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17 April 2014 12:48 pm ,
Vol. 344 ,
Officials last week revealed that the U.S. contribution to ITER could cost $3.9 billion by 2034—roughly four times the...
An experimental hepatitis B drug that looked safe in animal trials tragically killed five of 15 patients in 1993. Now,...
Using the two high-quality genomes that exist for Neandertals and Denisovans, researchers find clues to gene activity...
A new report from the Intergovernmental Panel on Climate Change (IPCC) concludes that humanity has done little to slow...
Astronomers have discovered an Earth-sized planet in the habitable zone of a red dwarf—a star cooler than the sun—500...
Three years ago, Jennifer Francis of Rutgers University proposed that a warming Arctic was altering the behavior of the...
- 17 April 2014 12:48 pm , Vol. 344 , #6181
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Can Microbes Save the Gulf Beaches? The Challenges Are Myriad
30 April 2010 2:05 pm
At this point it's unclear how much of an environmental threat oil spreading from the BP spill will cause, but the federal government is mobilizing thousands of workers to prepare for the worst. They have a potential ally: microbes that have evolved an ability to break down oil that seeps from the ocean bottom. It gets devoured by a variety of bacteria, which eat it by chemically transforming its compounds into useful cellular constituents. "If it wasn't for the natural ability of bacteria to eat oil we would all be knee-deep in the stuff," says bioremediation expert Ken Lee of the Bedford Institute of Oceanography in Nova Scotia, Canada.
So could bugs help cleanse the gulf? A number of companies have tried to create bacteria that could break down oil on demand, but Lee and colleague Albert Venosa of the Environmental Protection Agency say that experiments have shown that novel bacteria, even if they show promise in the lab, cannot compete with bacteria already living on beaches and marshes. Experiments have shown that adding nutrients like nitrogen, phosphorus, and potassium to the beaches can speed up the ability of natural bacteria to break down oil. "What would've taken 5 or 6 years to accomplish can occur in a single summer," says Lee.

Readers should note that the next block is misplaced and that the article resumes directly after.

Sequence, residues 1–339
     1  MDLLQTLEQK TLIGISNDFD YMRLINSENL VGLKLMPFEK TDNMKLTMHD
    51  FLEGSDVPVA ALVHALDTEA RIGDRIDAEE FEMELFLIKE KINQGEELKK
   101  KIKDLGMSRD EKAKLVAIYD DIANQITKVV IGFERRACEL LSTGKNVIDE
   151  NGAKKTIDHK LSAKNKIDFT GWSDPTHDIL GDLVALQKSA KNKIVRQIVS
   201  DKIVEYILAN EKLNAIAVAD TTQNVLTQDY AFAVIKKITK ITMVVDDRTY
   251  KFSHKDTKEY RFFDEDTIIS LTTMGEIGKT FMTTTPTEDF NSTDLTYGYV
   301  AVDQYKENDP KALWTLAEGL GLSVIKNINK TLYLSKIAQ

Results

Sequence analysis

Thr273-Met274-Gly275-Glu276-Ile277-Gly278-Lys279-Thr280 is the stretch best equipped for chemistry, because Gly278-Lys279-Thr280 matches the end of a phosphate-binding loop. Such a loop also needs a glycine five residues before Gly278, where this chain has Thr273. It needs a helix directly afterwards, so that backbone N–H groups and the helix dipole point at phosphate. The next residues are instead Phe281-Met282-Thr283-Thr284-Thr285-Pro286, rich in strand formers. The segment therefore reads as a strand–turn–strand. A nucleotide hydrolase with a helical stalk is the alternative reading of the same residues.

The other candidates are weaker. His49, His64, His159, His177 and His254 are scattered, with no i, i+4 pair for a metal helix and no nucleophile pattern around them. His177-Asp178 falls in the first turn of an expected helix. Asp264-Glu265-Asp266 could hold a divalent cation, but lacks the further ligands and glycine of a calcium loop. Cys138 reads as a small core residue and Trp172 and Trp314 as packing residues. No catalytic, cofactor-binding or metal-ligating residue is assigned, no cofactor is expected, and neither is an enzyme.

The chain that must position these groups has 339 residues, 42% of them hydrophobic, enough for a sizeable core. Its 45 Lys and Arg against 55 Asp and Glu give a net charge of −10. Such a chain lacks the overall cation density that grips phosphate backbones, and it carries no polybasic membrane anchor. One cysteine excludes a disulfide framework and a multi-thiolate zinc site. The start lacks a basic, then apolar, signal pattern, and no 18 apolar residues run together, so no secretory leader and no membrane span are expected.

While adding such fertilizers has worked in small scale coastal experiments in which oil was purposefully spread on wetlands, experts don't know of examples from an actual spill. The challenge with wetland marshes is that the toxicity of the oil can kill plants before the microbes have a chance to get to work on the oil. "If that happens, you can lose the whole marsh," Lee says. Workers have been trying to remove as much oil at sea as possible to reduce the amount that hits the shore. They will also need to deploy protective booms to protect the wetlands.
Another challenge: it appears to Vennosa, from photos and news reports, that the oil leaking from the borehole contains water. That makes it more difficult to burn at sea, more difficult to break up into tiny particles using chemicals called dispersants, and more difficult for bacteria to break down. But he cautions that he has not gotten real data on the makeup of the oil striking the coast.
For more on the gulf oil spill, see our full coverage.